Posted tagged ‘insults’

“A knife wound heals, but a tongue wound festers.”

March 24, 2015

No weather report today. Day after day is always the same. It’s depressing. The only bright spots are the large numbers of green shoots in my front garden. They give me a bit of hope.

When I was a kid, we lived in what we called the project. The houses were all duplexes, one side the mirror image of the other. Living there was only open to veterans and their families. Kids were everywhere. We first lived around the small rotary which the last of the duplexes circled. Below those duplexes was the field surrounded by woods. A long fence in the backyards separated our houses from the privately owned houses behind us. I used to climb the gate by the parking lot as it was a shortcut to my aunt’s house. I never once, in all the year’s we lived there, see the gate opened. No car ever used it. No car ever really used the parking lot either. Most cars were in front of the houses. My dad always parked his on the side road as our house was on a corner with the hill on one side.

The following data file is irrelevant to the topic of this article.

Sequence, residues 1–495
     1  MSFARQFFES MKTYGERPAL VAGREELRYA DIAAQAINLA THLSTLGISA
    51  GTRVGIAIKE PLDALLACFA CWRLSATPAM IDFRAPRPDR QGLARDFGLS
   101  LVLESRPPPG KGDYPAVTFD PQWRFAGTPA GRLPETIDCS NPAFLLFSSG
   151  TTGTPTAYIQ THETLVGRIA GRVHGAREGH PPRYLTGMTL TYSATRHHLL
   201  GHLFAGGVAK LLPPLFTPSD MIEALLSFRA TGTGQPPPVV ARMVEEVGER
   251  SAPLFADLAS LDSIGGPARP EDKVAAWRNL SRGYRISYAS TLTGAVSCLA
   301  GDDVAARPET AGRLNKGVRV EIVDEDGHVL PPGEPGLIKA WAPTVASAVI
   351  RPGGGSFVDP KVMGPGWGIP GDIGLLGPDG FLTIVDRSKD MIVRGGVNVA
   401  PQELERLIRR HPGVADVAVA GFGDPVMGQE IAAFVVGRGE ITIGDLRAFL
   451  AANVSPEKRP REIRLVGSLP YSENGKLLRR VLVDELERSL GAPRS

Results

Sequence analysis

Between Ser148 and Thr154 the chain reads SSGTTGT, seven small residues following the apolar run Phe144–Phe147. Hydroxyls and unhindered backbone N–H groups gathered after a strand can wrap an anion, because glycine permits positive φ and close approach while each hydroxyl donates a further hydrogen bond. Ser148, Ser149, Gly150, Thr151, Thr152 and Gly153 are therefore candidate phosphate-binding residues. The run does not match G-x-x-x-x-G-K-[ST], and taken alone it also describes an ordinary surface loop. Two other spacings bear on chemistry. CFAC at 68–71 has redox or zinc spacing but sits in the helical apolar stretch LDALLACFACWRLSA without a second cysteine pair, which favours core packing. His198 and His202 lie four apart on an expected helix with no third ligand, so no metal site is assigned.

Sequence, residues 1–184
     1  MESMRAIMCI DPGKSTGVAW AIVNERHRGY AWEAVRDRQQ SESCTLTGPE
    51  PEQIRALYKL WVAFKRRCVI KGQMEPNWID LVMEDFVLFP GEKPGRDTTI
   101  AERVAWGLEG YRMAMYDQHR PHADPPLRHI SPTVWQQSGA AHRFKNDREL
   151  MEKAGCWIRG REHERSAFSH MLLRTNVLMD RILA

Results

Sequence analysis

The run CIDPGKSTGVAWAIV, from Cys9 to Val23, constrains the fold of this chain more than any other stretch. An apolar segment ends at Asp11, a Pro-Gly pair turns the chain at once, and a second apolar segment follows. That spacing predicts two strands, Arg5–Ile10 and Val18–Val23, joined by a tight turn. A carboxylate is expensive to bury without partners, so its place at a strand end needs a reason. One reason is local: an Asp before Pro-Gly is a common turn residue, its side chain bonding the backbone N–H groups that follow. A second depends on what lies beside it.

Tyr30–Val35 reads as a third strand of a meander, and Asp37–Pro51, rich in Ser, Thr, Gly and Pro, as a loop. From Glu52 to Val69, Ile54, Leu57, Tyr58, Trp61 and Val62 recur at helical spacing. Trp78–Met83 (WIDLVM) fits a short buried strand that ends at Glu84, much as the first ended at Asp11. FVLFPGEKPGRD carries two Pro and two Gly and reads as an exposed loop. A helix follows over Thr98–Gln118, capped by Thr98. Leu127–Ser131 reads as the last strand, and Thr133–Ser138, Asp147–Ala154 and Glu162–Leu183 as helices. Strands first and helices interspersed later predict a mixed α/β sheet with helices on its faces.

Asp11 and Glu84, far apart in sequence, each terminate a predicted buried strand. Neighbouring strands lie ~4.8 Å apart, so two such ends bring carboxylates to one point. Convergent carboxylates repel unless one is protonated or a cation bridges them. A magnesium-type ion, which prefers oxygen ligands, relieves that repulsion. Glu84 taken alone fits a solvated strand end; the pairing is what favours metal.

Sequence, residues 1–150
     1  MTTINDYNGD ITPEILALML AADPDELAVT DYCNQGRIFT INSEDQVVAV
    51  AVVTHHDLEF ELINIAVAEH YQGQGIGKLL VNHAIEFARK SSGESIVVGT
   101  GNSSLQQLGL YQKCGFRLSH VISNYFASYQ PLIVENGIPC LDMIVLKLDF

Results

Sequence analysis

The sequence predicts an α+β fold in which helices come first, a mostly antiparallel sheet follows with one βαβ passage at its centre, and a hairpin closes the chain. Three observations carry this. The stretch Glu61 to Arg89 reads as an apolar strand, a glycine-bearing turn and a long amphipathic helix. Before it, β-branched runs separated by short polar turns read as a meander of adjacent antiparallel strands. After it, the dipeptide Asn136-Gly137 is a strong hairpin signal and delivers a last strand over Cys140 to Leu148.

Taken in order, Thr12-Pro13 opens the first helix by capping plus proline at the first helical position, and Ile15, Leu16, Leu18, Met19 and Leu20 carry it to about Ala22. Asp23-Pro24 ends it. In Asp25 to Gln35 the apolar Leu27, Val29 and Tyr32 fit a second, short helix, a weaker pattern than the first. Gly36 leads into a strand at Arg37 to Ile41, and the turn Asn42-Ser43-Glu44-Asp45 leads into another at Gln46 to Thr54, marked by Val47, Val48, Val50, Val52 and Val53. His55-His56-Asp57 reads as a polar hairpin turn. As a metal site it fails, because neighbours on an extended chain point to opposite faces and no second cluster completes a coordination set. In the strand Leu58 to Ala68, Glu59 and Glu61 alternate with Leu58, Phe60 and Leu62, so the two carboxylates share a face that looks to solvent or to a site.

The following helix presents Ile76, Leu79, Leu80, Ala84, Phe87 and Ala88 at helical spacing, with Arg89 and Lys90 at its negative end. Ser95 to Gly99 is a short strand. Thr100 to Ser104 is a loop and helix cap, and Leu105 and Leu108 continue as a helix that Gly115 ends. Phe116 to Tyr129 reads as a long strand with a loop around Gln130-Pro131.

Most times nothing much happened in the project. In the summer you could, now and then, hear people yelling at each other through the opened windows. We always listened. At supper time, mothers yelled out the doors for their kids. Once there was a fight between two men who were neighbors. I remember one man was a photographer who took pictures for the local newspaper. I don’t remember who the other man was. I do know the fight started because the wife of the photographer was German. He had met her while he was in the service on duty in Germany. This was in the mid 1950’s, and most of the men in the neighborhood had served in World War II. The guy I don’t remember called the wife a Nazi and a few more choice names and then the fight started. They rolled and wrestled on the grassy hill, and I remember the photographer’s sweater vest was pulled over his head so he couldn’t see to defend himself. Everybody was out watching. I don’t remember how the fight was ended. I figure neighbors must have grabbed the fighters and separated them as I would have remembered the police coming.

That fight was the talk of the neighborhood for the longest time. The men never spoke to each other again. The photographer and his wife and son eventually moved. That is the only time in my life I have seen adults physically attacking one another. Burned in my memory is the image of the two men rolling down the hill trying to punch one another. I remember the sweater vest had the argyle pattern popular in the 50’s. The son of the photographer wore glasses.

It is strange what our memories hold on to and what is lost over time.